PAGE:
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PDO has been active in renewables and aims to raise production to a "sustainable plateau"
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PDO outlines stiff 2030 emissions targets

Beyond a flashy pledge of long-term carbon-neutrality lie some meaningful medium-term goals that could substantially speed up Muscat’s lagging decarbonisation efforts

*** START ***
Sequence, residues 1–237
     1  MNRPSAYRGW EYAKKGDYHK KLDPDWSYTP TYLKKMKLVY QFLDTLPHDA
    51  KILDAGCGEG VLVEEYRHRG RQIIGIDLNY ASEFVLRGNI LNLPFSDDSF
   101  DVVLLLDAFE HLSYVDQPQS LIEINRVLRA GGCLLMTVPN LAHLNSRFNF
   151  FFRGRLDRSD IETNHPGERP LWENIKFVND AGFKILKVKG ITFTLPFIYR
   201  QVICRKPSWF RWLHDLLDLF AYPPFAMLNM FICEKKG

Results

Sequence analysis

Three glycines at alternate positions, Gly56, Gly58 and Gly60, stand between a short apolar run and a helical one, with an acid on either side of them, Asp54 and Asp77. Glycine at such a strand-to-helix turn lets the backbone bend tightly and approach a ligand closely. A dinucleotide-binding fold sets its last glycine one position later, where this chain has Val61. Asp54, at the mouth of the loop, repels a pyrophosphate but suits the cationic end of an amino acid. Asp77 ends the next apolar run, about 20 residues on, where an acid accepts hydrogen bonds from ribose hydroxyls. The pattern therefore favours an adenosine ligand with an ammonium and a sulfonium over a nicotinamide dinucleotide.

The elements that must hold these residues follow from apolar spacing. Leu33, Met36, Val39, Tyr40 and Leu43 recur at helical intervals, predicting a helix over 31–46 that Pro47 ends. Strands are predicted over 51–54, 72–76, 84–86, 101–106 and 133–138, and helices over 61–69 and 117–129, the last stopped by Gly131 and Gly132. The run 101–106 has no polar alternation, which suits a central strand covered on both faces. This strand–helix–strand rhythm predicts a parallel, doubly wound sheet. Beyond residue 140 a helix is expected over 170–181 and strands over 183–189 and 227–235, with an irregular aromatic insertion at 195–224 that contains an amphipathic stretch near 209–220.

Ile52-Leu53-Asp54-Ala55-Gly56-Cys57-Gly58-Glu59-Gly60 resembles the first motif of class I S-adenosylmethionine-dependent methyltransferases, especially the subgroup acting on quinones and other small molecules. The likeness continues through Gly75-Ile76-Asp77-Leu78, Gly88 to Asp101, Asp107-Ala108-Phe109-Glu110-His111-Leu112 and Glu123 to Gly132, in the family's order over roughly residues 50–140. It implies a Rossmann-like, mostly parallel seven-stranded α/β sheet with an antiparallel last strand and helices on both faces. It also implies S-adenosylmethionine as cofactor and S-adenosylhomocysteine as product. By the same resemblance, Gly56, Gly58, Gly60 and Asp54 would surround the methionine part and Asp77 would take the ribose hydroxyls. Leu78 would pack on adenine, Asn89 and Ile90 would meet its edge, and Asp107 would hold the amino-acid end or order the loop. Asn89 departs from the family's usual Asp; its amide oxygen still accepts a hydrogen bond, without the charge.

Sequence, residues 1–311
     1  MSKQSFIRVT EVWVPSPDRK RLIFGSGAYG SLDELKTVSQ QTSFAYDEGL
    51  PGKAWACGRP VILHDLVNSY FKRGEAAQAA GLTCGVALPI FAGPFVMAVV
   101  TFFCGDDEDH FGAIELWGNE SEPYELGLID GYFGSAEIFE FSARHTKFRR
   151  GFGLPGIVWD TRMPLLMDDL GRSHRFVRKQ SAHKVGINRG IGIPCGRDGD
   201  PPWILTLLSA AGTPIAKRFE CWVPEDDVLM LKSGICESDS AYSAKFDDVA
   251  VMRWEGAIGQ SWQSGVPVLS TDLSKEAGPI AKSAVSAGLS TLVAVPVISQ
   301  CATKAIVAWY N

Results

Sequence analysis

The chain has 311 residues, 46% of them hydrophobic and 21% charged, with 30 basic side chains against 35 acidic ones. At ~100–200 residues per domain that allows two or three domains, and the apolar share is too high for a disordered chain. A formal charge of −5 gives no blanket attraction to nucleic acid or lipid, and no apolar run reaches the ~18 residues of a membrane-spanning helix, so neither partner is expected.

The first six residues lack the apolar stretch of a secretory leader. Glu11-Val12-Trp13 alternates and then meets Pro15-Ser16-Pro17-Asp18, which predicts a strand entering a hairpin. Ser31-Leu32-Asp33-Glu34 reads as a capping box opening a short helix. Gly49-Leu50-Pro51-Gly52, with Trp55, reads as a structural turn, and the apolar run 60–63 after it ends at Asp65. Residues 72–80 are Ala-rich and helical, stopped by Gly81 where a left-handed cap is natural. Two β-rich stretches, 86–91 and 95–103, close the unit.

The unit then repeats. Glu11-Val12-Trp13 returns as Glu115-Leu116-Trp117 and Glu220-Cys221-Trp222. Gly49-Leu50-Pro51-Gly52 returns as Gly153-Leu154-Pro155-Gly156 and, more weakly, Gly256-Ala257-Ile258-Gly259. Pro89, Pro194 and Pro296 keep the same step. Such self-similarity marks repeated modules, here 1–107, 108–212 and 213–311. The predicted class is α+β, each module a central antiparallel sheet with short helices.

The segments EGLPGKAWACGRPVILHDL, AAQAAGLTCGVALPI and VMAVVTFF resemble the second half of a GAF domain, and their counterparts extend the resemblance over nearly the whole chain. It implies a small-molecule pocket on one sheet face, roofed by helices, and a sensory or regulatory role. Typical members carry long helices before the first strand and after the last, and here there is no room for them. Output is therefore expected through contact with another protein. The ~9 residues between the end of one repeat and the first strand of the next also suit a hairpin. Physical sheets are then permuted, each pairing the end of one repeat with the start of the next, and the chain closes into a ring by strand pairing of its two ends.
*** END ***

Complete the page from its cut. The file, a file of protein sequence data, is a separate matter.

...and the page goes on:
Scepticism was the reaction when state-controlled Petroleum Development Oman (PDO), the sultanate’s main oil producer, unveiled plans in early September to become carbon-neutral by 2050. Like the government’s ‘goal’ to cut historic economic dependence on hydrocarbons by more than three-quarters within two decades, PDO’s superficially eye-catching aim essentially rebrands physical inevitability as environmental virtue. The country’s reserves/production ratio stood at a mere 15.4 years at end-2020, according to BP’s latest Annual Statistical Review. Barring the improbable discovery of a long-elusive elephant, Oman will have little crude left to pump by mid-century. PDO’s task since the early

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